The rules are easy. Don't be a douchebag. We ban douchebags.
The MGC Chatbox Evo is really easy to use
You can :
Send chats : you just have to enter the text in the dedicated input field and then to validate it by pushing the return key ou by clicking on the OK button.
Format the chats :
once you un-collapse the chatbox formatting toolbar by clicking on the BBCode button, you have access to different formatting options for your chats. You can format a chat by selecting a part (or the totality) of it and then select one of the buttons/list. You can also add empty formatting tags by selecting nothing and clicking one of the buttons/menu thus allowing you to add the chat text afterwards between these tags.*
Access to the different channels : you can have access to different channels restricted to only some usergroupds or for specifics use of the chatbox. The different channels are accessible from the buttons on the left of the chatbox.*
Edit your chats (or others chats) : the edition of a chat can be done by a simple double-click on it.*
Use specific commands : some commands can be accessible in the chatbox depending on the will of the administrator(s) of your forum. These commands let you execute specific actions of formatting, management, etc... You will herebelow the information on the command which are accessible to you. You must notice that you are not forced to use the command prefixes (/command_name) when you use them in the channel they are attached to (except in the general channel).*
* : Depending on the settings chosen by the administrator(s) of the forum, you might not have access to all these features.
The information on the left side of food labels provide total amounts of different nutrients per serving. To make wise food choices, check the total amounts for:
* total fat
* saturated fat
* total carbohydrate
Using the information found in total amounts
Total amounts are shown in grams, abbreviated as g, or in milligrams, shown as mg. A gram is a very small amount and a milligram is one-thousandth of that. For example, a nickel weighs about 5 grams. So does a teaspoonful of margarine. Compare labels of similar foods. For example, choose the product with a smaller amount of saturated fat, cholesterol, and sodium and try to select foods with more fiber.
If you are trying to lose or maintain your weight, the number of calories you eat counts. To lose weight you need to eat fewer calories than your body burns. You can use the labels to compare similar products and determine which contains fewer calories. To find out how many calories you need each day, talk with your dietitian or certified diabetes educator.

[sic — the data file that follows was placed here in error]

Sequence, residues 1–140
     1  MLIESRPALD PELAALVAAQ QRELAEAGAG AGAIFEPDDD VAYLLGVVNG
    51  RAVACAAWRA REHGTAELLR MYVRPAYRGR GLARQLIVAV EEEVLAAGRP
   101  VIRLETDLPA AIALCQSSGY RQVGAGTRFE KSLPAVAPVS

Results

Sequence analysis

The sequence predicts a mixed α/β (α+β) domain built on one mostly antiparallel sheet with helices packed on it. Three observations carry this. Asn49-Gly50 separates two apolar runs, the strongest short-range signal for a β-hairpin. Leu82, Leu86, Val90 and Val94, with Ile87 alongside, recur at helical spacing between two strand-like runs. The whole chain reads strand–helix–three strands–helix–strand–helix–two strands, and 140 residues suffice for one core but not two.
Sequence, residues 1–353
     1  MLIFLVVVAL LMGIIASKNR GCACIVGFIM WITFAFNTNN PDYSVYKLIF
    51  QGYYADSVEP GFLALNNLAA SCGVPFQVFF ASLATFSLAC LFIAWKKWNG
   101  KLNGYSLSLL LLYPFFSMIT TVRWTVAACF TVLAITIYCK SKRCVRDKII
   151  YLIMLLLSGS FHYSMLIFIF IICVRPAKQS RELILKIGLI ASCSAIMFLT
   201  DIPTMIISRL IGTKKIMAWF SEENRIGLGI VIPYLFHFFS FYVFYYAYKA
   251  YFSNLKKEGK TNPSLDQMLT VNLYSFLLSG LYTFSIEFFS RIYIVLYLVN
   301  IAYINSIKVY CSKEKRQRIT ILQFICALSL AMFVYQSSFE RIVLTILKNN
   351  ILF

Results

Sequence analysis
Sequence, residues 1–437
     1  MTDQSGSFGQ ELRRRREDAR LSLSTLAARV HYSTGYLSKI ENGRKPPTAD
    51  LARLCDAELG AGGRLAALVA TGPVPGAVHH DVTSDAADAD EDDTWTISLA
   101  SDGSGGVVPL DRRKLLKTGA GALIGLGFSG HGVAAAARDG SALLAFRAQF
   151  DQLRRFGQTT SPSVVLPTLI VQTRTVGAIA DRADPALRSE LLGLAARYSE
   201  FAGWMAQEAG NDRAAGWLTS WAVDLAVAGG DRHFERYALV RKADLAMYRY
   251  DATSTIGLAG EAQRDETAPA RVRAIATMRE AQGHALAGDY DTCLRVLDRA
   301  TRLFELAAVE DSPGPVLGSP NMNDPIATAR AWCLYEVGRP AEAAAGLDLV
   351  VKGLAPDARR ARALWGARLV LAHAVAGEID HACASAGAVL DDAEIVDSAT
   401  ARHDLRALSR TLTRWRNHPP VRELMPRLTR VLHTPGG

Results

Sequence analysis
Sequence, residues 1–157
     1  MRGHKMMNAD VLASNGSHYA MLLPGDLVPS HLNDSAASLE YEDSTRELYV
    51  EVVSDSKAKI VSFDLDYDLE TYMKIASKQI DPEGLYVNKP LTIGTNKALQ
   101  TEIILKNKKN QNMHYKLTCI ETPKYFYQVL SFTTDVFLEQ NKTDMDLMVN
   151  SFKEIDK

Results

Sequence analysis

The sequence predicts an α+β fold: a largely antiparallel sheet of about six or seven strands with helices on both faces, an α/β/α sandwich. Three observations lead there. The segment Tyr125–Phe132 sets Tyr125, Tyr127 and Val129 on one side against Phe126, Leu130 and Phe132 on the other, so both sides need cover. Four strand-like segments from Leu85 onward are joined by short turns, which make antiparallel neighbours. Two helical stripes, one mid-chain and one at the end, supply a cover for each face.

Total fat tells you how much fat is in a food per serving. It includes fats that are good for you such as mono and polyunsaturated fats, and fats that are not so good such as saturated and trans fats. Mono and polyunsaturated fats can help to lower your blood cholesterol and protect your heart. Saturated and trans fat can raise your blood cholesterol and increase your risk of heart disease. The cholesterol in food may also increase your blood cholesterol. Learn more about specific types of fat.
Fat is calorie-dense. Per gram, it has more than twice the calories of carbohydrate or protein. Although some types of fats, such as mono and polyunsaturated fats, are healthy, it is still important to pay attention to the overall number of calories that you consume to maintain a healthy weight. If you are trying to lose weight, you'll still want to limit the amount of fat you eat. That's where the food label comes in handy.
Sodium does not affect blood glucose levels. However, many people eat much more sodium than they need. Table salt is very high in sodium. You might hear people use "sodium" in lieu of "table salt," or vice versa.
With many foods, you can taste how salty they are, such as pickles or bacon. But there is also hidden salt in many foods, like cheeses, salad dressings, canned soups and other packaged foods. Reading labels can help you compare the sodium in different foods. You can also try using herbs and spices in your cooking instead of adding salt. Adults should aim for less than 2400 mg per day. If you have high blood pressure, it may be helpful to eat less.
If you are carbohydrate counting, the food label can provide you with the information you need for meal planning. Look at the grams of total carbohydrate, rather than the grams of sugar. Total carbohydrate on the label includes sugar, complex carbohydrate, and fiber. If you look only at the sugar number, you may end up excluding nutritious foods such as fruits and milks thinking they are too high in sugar. You might also overeat foods such as cereals and grains that have no natural or added sugar, but do contain a lot of carbohydrate.